By TANISHA MOHAPATRA
When a new friend said he was homesick and looked at me, awaiting a response, I was a little perplexed as to how to react. I could listen to and talk about pretty much anything with anyone, but this had me on a tightrope. I have seen so many people leave, come back, repeat the process and yet nothing has ever changed. At my boarding school, this was routine; there was always something distinct about the feeling in my stomach when it was the last day of term and when it was the first day of a new term. These were probably my two most favorite days — you could say that I have some unspoken love for witnessing packing and unpacking despite not being much of a traveller. If I could go places and skip the whole act of travelling, life would be the sweetest, but I’m digressing here. I had to say something to said friend, and for some reason I blurted, “Let’s Google it.” He gave me the most bewildered expression I can imagine his face scrunching into and whipped out his phone.
We took a look at one of the first results the search returned, an old article by CNN, and it was full of so many truths about why I was at the world’s end when it came to considering what must be one of the most common feelings on campus, especially during any given fall semester. The article said that homesickness “stems from our instinctive need for love, protection and security — feelings and qualities usually associated with home.” And that’s when I apprehended the catch in my case: I didn’t have any concrete block that meant home to me. I had quite a few competing for the coveted title. For some reason, in my head, every place that has been a sojourn in my life so far has meant the same as home. I associate the same warm fuzzy feeling that my house’s red cobbled roof brings out with the white walls of Connaught Place, with the bajri in the six-acre campus in that small, breezy Himalayan town and with the frozen waterfall that my room in a certain Gothic-style building looked over. When I packed up my dorm lockers from school, I had the same lump in my throat that I felt when the New Delhi clouds weeped at my departure, and I had the same one when I left home for school the first time. Weirdly enough, I find an odd sense of security in knowing that I fall in love too easily, and it’s always with a place. It is probably harder for some to accept this than others; some, like me, perhaps find love in all things they come across.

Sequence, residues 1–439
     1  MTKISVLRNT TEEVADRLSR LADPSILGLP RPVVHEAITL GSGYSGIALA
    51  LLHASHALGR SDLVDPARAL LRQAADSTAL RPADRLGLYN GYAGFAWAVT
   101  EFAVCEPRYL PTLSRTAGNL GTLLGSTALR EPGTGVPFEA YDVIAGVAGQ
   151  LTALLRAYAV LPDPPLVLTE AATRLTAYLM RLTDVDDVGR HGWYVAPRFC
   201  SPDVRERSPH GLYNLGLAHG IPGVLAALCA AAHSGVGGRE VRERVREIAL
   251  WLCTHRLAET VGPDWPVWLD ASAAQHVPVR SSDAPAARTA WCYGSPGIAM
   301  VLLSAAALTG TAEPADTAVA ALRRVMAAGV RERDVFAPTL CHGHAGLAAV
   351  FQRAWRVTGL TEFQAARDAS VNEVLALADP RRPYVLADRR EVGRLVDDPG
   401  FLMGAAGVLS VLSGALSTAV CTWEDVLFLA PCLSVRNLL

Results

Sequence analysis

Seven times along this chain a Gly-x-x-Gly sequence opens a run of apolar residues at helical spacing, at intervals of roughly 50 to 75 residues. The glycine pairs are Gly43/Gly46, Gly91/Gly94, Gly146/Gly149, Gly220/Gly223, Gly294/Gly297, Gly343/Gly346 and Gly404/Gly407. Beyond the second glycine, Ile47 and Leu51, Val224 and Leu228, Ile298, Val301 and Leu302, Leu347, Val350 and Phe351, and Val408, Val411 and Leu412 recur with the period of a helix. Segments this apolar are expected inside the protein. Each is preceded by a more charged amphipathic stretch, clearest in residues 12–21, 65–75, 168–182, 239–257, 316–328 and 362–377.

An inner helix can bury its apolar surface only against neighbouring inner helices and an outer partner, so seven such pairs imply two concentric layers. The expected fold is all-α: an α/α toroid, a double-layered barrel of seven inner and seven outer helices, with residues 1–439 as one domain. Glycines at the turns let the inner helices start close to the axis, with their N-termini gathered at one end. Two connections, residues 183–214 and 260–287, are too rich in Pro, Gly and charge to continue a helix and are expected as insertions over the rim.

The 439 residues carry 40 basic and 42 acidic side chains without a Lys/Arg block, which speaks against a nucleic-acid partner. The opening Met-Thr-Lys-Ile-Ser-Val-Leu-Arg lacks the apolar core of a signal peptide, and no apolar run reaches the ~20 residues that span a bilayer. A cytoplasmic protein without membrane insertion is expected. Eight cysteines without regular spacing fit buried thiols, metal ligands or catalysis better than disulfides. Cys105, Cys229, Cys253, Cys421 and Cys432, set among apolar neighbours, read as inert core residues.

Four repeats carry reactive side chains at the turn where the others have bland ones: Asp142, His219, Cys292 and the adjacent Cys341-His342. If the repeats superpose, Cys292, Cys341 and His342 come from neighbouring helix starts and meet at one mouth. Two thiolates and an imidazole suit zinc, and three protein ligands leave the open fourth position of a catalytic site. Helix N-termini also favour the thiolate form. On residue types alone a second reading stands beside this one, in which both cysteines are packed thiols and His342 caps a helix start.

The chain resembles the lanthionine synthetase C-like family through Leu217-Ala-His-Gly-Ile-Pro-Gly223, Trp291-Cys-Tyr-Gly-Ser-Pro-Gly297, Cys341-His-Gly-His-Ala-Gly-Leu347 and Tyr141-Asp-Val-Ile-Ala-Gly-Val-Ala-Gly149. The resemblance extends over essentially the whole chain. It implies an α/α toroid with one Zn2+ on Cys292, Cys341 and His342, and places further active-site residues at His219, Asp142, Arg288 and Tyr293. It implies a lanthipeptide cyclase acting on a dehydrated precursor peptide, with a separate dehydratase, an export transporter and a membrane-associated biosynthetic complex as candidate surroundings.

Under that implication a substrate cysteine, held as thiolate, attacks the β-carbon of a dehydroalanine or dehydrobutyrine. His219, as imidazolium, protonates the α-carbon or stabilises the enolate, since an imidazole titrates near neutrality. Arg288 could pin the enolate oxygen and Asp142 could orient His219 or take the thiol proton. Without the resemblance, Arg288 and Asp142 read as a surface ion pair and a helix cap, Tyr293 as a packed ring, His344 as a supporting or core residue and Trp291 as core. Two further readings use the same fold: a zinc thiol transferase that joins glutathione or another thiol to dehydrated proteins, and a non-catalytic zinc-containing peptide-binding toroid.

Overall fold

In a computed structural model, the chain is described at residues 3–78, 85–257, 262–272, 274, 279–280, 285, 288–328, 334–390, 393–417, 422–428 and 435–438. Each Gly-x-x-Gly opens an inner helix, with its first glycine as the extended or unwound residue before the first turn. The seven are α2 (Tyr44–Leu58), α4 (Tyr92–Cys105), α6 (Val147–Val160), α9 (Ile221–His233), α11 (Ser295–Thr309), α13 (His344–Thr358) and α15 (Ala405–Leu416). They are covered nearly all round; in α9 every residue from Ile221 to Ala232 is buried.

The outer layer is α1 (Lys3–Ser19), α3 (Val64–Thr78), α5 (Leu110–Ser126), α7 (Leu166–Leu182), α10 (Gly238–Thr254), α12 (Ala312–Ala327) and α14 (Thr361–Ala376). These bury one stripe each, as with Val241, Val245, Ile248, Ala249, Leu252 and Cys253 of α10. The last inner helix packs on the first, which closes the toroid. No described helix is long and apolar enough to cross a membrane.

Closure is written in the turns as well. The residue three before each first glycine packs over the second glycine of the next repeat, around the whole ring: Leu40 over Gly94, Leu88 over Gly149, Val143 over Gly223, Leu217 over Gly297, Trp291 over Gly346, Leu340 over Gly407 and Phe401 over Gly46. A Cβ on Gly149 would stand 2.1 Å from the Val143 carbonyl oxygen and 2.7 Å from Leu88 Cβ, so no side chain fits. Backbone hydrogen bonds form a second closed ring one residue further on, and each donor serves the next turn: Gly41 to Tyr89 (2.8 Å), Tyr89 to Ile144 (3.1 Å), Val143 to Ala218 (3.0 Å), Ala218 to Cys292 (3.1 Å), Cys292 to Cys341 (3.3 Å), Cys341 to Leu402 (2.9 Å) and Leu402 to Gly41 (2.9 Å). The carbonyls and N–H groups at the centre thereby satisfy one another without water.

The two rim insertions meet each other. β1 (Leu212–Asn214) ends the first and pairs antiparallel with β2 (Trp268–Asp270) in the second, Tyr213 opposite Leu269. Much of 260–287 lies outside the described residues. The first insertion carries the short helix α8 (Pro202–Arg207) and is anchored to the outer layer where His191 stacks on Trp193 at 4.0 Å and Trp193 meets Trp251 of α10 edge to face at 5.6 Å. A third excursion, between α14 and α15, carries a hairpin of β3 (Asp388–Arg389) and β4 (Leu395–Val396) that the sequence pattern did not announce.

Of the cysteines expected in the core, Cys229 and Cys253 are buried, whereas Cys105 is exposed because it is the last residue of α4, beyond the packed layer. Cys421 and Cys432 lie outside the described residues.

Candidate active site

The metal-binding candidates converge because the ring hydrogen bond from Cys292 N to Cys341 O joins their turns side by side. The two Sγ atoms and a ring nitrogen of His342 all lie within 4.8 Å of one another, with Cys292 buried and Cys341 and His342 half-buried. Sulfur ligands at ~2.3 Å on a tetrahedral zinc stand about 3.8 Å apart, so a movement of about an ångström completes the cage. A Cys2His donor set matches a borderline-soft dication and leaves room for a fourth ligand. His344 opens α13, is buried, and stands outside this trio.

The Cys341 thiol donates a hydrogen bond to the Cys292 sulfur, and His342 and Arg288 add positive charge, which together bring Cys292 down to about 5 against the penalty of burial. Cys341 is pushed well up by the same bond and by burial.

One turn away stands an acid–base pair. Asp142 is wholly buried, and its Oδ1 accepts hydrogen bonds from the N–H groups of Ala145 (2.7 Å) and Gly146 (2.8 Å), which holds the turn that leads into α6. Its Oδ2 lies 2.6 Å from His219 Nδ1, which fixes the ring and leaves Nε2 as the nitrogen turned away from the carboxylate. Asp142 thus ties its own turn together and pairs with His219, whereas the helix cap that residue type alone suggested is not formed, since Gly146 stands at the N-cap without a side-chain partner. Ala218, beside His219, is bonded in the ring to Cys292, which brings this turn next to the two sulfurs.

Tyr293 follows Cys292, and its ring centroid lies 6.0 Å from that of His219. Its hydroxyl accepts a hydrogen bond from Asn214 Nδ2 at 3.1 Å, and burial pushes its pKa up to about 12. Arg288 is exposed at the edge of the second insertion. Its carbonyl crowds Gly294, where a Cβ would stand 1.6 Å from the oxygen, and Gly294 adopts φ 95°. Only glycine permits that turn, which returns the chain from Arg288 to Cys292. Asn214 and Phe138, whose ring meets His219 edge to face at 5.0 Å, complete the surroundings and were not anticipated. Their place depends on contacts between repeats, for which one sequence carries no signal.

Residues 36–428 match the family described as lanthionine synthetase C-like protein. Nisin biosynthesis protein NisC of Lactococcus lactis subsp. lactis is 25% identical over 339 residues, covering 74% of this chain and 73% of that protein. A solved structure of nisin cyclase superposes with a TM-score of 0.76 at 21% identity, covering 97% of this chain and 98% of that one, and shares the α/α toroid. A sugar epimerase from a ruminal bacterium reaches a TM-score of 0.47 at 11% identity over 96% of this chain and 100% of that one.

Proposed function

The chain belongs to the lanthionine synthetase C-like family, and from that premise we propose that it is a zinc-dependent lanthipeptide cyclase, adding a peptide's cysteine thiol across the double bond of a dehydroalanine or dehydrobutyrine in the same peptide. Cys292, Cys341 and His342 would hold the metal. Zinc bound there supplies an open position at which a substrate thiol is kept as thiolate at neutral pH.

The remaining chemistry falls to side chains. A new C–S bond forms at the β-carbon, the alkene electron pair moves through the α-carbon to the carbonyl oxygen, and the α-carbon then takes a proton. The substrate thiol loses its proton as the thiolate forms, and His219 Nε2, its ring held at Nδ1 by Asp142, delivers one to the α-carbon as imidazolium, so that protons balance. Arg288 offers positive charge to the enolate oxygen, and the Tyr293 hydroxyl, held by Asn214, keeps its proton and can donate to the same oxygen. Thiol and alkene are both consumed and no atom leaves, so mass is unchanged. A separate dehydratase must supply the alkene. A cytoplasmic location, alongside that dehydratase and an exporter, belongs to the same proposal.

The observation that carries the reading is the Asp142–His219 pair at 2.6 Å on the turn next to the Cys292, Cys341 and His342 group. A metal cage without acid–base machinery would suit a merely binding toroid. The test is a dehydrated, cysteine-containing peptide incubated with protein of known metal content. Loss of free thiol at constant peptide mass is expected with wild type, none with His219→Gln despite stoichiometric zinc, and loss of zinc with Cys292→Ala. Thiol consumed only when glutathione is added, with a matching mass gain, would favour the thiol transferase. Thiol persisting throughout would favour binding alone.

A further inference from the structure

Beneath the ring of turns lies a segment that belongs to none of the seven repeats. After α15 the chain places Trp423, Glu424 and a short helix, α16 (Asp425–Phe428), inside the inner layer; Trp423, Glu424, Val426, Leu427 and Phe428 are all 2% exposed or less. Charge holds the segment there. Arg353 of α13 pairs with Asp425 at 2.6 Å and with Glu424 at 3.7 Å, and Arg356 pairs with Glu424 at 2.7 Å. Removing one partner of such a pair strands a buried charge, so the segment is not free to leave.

This summer, I got strange looks from all of my friends at Cornell when we discussed summer plans. Mine didn’t feature a torturous 15 hour ordeal in a pressurized cabin, after which I’d spend weeks being the family’s early morning wake up call. It did come at the cost of taking off to the beach at a whim, or being force-fed yet another oily parantha made by Naani that I secretly loved, but for some reason, I didn’t miss the comfort that came along with home. So as my friends one by one made their way across the country and the globe, I re-opened boxes I had freshly packed only a few days ago. I made friends at work, went on numerous walks to Flatrock, went art shopping for a friend at the Commons (bought nothing), took off to Syracuse to expand options (still nothing), had a conversation about poetry with a cashier at Target and probably associated a hundred other things I found in the Ithacan summer with the notion I had of home. I didn’t know homesickness, and these three months away didn’t seem to present an opportunity to become familiar with it.